Saskatoon Police Service
|This article needs additional citations for verification. (July 2007)|
|Saskatoon Police Service|
| [[Image:Saskatoon policev.jpg#REDIRECTmw:Help:Magic words#Other|
This page is a soft redirect.frameless |center |220x140px]]
|Logo of the Saskatoon Police Service.|
|Legal personality||Governmental: Government agency|
In 1882 the North-West Mounted Police (NWMP) established a detachment in Saskatoon. In 1889, Constable Clisby of the NWMP was established as Saskatoon's first permanent police officer.
In 1977 a new police station was opened on the spot of the old station which was demolished, which was transitioned to a parking lot. An abandoned tunnel still exists underground stretching from the parking lot, across 23rd street to the old post office. The new building cost roughly $5.5 million (1977) and has a floor space of 101,000 feet squared.
In 2010 the city of Saskatoon drew plans to extend 25th street to Idylwyld Drive and this is to be the location for the new police station. Construction began 2011 and was completed in July 2014. The transition to the new building took place on July 22, 2014. The complete project cost $122 million (2014) and should serve as the central headquarters for up to 50 years.
International police peacekeeping operations
With struggling police forces worldwide there is a need for trained police officers to help training these forces. During 2009 and 2010 Constable Andrew Johnstone went to Afghanistan to train their police, and Sergeant Patrick Barbar in Kandahar, Afghanistan. Other members of the SPS have worked in other countries for other UN operations, such as Sergeant Darcel Pittman and former Deputy Chief Keith Atkinson in Kosovo in 2000.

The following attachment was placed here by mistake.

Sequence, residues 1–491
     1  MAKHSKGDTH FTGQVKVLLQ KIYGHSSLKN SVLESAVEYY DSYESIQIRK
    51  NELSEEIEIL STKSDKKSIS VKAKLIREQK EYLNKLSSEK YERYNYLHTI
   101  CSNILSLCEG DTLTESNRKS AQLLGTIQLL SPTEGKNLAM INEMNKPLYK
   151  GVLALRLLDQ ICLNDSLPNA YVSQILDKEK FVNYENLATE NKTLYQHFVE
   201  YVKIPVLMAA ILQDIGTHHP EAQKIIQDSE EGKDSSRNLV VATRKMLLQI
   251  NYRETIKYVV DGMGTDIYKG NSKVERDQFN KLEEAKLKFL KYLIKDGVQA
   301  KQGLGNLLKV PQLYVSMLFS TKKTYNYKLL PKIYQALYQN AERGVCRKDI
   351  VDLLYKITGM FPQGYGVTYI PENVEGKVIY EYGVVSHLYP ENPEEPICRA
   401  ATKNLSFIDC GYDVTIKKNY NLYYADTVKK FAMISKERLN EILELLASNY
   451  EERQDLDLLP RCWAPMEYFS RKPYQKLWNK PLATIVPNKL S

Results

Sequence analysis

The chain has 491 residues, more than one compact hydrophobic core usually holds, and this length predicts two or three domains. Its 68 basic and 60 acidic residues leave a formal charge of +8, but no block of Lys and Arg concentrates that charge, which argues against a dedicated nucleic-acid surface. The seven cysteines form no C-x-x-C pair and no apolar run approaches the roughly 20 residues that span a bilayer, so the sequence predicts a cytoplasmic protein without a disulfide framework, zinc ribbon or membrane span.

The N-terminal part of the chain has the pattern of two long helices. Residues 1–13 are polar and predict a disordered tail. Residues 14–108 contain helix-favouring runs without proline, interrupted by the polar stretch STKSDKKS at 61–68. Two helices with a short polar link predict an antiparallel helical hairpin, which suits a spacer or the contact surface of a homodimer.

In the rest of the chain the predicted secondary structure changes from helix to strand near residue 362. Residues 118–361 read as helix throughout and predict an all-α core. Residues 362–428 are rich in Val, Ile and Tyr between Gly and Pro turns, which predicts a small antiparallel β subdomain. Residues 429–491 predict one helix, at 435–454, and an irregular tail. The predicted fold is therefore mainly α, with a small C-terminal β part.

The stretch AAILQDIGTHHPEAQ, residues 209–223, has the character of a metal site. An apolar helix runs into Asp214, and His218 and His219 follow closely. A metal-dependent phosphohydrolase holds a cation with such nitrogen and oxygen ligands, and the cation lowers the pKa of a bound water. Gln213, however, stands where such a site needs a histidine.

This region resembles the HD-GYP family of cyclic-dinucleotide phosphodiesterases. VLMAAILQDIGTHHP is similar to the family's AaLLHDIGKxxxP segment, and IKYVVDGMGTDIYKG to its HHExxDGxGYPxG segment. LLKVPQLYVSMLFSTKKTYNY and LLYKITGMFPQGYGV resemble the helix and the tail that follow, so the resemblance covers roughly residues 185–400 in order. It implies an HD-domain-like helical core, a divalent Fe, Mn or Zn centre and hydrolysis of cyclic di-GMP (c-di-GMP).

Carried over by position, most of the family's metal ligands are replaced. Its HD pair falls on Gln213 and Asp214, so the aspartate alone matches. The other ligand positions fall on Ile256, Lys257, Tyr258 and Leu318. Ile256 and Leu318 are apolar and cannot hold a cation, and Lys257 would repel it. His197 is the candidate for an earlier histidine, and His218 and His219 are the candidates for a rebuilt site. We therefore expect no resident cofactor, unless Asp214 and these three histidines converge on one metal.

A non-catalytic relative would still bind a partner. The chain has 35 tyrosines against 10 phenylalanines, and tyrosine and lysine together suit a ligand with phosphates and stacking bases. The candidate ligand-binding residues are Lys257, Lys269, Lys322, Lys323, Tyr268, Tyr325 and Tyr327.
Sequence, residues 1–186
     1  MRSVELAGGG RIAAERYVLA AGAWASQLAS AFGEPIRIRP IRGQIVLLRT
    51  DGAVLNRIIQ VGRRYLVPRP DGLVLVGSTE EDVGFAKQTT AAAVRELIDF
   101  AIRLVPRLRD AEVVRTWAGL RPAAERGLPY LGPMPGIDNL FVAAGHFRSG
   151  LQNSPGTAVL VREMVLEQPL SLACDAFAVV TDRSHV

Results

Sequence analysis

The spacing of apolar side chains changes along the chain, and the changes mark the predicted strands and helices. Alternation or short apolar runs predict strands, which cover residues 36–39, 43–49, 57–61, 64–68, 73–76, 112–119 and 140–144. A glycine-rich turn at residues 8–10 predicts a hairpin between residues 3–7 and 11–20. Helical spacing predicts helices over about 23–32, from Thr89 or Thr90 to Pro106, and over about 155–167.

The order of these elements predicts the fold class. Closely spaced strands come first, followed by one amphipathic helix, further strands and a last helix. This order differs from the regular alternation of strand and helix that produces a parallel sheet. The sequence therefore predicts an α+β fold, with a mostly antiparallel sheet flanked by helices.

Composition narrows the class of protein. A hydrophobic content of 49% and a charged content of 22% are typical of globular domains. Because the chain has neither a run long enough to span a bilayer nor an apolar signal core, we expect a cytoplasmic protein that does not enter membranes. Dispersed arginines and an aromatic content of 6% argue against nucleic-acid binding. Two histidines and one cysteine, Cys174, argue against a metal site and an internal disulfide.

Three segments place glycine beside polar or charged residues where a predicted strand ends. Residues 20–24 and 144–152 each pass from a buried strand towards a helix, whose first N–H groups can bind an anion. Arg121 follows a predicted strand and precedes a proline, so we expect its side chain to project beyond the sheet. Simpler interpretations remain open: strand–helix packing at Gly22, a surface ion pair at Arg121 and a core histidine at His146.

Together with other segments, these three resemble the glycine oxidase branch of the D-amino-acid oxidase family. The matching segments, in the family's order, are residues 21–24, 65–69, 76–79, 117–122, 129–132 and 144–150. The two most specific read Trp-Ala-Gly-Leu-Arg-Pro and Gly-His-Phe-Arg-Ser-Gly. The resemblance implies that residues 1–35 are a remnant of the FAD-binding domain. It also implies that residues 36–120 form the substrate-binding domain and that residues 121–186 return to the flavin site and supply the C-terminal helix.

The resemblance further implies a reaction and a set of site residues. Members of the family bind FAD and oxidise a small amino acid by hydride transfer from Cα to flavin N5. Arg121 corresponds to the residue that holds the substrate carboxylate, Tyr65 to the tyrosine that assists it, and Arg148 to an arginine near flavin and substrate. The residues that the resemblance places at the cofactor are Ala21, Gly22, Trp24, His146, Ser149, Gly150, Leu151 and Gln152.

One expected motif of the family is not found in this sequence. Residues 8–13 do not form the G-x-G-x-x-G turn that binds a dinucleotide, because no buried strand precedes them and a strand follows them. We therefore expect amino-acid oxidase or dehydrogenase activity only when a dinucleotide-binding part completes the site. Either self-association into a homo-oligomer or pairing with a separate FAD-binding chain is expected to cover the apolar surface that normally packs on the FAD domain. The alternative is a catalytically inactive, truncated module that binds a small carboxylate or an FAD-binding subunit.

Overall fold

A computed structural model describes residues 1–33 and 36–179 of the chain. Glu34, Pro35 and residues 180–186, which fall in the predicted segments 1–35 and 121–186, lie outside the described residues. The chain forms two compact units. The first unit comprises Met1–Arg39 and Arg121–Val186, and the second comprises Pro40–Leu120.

They play widely varying roles within each mission, from patrolling streets and training police recruits to providing humanitarian assistance, ensuring security for elections and investigating human rights violations.
Departments and special departments.
As of 2012 the SPS has 510 sworn officers, and 134 civilian positions. The ranks are as follows:
Accusations against the Saskatoon Police Service have resulted in public inquiries. One such inquiry took place in 2006. It involved the investigation into the murder of a nursing student in Saskatoon in 1969. David Milgaard was convicted of this murder but was later cleared of this charge through DNA evidence which was unavailable at the time of his trial.